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Mowing practices for healthy lawns

Lawn mower on lawn in suburban yard.

Lawn mowing is more time consuming than any other lawn-care practice. Regular mowing with a sharp mower blade at the proper height will help keep grass growing vigorously and maintain adequate density. Proper mowing practices contribute to a healthy lawn and minimal weeds, and, if you leave grass clippings on your lawn, contribute to lawn nutrition. Typically, the species of grasses used in Minnesota lawns are Kentucky bluegrass, perennial ryegrass, and fescues.

Height

  • For a typical residential Midwest lawn, maintain a height of 3 inches or higher.
    • Taller grass shades out weed seeds and keeps soil cooler.
    • Taller grass means longer roots and greater ability to withstand drought and reach nutrients.
  • Remove no more than 1/3 of the leaf tissue when you mow.

    • Mowing too short or scalping results in stress to the grass plant. Weak grass plants will take longer to recover. To maintain a 3-inch lawn, mow before the grass reaches 4.5 inches tall.

    • Mowing too short can allow weed seeds to get more sun and increase the chance of germination.

Leave your clippings on the lawn

  • Decomposed clippings add the equivalent of one fertilizer application to your lawn each year.

  • Decomposed clippings improve soil quality and minimize runoff.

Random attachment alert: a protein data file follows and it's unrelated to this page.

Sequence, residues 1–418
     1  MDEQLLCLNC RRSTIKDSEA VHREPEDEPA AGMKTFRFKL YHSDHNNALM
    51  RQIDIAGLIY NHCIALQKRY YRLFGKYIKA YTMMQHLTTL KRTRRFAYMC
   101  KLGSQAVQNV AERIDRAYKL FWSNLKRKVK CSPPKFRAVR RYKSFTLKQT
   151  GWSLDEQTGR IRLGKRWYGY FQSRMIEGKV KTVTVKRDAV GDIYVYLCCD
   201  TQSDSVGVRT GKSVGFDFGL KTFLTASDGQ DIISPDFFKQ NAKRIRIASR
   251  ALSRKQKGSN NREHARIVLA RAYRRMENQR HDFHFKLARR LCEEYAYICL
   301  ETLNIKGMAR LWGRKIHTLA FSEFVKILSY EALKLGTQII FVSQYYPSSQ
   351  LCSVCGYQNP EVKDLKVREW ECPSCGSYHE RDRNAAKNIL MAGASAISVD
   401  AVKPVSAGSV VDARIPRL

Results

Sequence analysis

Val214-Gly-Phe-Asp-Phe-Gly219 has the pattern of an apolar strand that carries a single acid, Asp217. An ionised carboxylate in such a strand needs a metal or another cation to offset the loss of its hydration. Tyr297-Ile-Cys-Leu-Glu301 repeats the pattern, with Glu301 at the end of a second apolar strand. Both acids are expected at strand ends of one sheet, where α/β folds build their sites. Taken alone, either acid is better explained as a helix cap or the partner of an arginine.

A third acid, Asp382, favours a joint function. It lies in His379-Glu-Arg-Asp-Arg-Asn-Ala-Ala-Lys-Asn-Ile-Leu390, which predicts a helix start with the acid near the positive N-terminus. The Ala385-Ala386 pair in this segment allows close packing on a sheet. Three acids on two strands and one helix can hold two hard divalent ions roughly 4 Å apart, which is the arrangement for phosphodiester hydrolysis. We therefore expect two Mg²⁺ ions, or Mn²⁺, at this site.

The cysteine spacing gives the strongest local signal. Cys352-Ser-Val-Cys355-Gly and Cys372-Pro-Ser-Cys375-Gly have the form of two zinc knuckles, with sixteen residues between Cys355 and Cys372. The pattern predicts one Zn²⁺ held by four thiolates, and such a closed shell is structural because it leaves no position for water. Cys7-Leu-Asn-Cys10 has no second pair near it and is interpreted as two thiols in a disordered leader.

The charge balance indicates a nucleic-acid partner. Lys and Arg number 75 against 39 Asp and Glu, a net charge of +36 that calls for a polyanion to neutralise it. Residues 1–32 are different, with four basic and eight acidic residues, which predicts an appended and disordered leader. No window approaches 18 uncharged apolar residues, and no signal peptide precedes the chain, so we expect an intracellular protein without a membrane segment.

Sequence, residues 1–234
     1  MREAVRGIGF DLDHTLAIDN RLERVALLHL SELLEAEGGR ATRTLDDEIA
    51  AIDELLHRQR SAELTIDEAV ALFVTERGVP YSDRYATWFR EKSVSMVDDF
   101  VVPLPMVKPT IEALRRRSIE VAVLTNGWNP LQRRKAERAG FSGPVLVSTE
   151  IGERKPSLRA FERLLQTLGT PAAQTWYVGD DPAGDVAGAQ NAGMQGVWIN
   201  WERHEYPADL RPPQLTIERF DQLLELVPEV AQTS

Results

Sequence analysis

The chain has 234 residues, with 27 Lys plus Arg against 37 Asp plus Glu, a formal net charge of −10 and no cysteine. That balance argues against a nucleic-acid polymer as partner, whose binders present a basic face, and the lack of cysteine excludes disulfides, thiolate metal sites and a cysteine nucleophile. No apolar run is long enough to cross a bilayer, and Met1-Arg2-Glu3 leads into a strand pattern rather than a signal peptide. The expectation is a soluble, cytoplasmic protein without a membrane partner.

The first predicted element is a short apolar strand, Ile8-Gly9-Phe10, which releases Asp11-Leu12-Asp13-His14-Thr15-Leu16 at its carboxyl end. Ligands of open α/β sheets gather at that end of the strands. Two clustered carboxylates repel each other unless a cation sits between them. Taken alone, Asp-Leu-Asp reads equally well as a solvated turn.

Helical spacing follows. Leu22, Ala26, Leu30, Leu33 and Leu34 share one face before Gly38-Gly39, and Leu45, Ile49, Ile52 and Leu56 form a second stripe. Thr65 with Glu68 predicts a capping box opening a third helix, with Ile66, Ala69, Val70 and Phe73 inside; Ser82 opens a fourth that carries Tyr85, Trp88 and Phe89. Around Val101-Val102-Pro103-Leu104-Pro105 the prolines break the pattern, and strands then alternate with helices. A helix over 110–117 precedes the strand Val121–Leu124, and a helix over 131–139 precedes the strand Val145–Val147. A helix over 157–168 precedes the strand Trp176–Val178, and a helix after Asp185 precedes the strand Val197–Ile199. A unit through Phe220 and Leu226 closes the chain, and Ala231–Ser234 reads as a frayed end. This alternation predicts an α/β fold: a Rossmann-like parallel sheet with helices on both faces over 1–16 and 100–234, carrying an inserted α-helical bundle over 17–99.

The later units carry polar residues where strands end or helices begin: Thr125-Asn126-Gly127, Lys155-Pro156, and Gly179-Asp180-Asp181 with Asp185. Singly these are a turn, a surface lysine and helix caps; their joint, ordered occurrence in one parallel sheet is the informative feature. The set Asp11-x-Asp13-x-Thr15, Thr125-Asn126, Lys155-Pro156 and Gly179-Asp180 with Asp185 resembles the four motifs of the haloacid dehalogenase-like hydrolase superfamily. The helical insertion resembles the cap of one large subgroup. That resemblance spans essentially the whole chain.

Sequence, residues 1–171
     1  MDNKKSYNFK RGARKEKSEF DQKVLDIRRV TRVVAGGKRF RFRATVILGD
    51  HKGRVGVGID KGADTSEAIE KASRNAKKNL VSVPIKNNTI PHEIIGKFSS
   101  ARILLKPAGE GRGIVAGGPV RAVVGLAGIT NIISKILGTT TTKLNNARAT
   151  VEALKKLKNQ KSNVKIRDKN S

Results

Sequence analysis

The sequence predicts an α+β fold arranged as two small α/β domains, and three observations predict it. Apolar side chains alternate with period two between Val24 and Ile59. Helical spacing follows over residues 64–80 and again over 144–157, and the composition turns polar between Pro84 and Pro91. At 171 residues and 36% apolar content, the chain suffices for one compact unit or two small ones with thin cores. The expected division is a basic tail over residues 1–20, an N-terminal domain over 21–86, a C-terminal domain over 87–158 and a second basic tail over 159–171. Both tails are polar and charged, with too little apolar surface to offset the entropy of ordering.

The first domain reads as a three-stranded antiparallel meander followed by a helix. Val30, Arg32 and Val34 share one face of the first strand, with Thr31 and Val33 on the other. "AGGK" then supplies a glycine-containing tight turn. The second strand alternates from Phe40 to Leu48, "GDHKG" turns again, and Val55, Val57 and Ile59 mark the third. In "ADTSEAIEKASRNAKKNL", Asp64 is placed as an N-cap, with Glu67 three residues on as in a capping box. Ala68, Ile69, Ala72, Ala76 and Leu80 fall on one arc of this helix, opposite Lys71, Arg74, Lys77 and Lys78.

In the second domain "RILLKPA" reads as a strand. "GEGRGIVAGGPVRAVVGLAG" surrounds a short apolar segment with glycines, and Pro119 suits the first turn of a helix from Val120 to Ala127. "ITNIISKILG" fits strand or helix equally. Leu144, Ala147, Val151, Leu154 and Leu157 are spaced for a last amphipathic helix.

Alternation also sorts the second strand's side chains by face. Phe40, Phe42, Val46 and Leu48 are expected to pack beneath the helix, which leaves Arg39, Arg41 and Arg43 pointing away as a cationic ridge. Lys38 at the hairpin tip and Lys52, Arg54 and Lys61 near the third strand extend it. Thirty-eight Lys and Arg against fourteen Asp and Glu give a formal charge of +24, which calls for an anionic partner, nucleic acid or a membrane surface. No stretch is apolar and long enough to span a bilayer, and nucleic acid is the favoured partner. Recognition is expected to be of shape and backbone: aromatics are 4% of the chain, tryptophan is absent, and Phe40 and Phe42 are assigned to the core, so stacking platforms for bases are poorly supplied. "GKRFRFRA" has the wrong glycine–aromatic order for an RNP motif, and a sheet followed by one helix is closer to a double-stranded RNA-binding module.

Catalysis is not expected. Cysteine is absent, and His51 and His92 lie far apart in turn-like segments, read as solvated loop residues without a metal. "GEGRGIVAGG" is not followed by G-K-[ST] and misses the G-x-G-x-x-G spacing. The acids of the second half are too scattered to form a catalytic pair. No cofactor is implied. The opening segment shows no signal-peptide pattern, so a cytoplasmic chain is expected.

• Leaving clippings on your lawn improves carbon sequestration.

  • If your clippings are too long, mulch by mowing several times or rake them off.

  • If you have used herbicides on your lawn, leave clippings after you mow – don’t use as mulch on other plants or add to compost.

  • Read more about the benefits of mulching lawn clippings.

Four grass blades with shredded tips side by side with four grass blades with cleanly-cut tips.
Grass shredded by dull mower blades (left) and cleanly-cut grass with sharp mower blades (right)

Mower blades

Make sure your mower blades are sharp.

  • Dull blades leave jagged edges and plants are more susceptible to diseases.
  • Cleanly-cut grass blades are able to conserve water, reducing the need for irrigation.

What time of the year should I stop mowing?

Continue mowing until the grass stops growing in the fall, generally around the end of October.

  • Maintaining grass height before winter can minimize diseases that occur when grass is too long over the winter.
  • Longer grass during winter may encourage vole activity.
Lawn and curb next to road with a patch of lawn that has been mowed too short
Scalped patch of lawn

Keep your lawn healthy and actively growing

  • Increase the mowing height by an inch during mid-summer to improve the lawn's ability to tolerate stress caused by heat and drying winds.

  • Change the direction of mowing frequently to promote upright shoot growth.

    • If possible, mow at right angles every other time.

    • Alternating mowing patterns will prevent continuous scalping and soil compaction.

  • Consider installing the bagging attachment or raking up excessive debris following the first mow of the year and last mow of the season.

Sam Bauer, Extension educator and Jonah Reyes

Reviewed in 2018

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